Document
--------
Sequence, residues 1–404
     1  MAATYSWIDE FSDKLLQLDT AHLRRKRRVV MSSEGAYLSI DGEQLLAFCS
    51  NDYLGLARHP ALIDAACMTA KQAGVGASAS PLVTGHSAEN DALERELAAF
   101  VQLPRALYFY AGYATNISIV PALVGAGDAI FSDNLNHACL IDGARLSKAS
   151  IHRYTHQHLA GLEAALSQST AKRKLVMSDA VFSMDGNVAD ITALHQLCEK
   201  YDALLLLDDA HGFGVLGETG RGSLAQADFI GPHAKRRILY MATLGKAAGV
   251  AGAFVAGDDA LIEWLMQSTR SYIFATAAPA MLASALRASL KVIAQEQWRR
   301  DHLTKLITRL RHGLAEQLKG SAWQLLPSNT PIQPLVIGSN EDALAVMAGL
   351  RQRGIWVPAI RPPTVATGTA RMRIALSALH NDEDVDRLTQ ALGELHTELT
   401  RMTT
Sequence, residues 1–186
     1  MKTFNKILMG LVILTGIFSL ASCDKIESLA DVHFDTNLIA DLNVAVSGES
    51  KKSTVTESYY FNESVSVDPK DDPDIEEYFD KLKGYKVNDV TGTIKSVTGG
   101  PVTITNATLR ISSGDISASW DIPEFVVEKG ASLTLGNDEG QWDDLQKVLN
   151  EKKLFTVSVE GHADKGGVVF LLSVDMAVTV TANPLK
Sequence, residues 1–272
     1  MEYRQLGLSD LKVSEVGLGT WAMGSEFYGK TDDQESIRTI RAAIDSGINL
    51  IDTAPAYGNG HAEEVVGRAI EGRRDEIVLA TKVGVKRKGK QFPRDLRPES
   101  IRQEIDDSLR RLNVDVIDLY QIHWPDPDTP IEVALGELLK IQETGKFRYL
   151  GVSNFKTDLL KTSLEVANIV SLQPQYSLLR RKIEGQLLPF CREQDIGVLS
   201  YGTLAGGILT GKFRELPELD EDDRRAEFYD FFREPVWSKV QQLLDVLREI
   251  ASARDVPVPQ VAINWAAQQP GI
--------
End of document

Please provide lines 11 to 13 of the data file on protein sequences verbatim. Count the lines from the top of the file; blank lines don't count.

Sequence, residues 1–186
     1  MKTFNKILMG LVILTGIFSL ASCDKIESLA DVHFDTNLIA DLNVAVSGES
    51  KKSTVTESYY FNESVSVDPK DDPDIEEYFD KLKGYKVNDV TGTIKSVTGG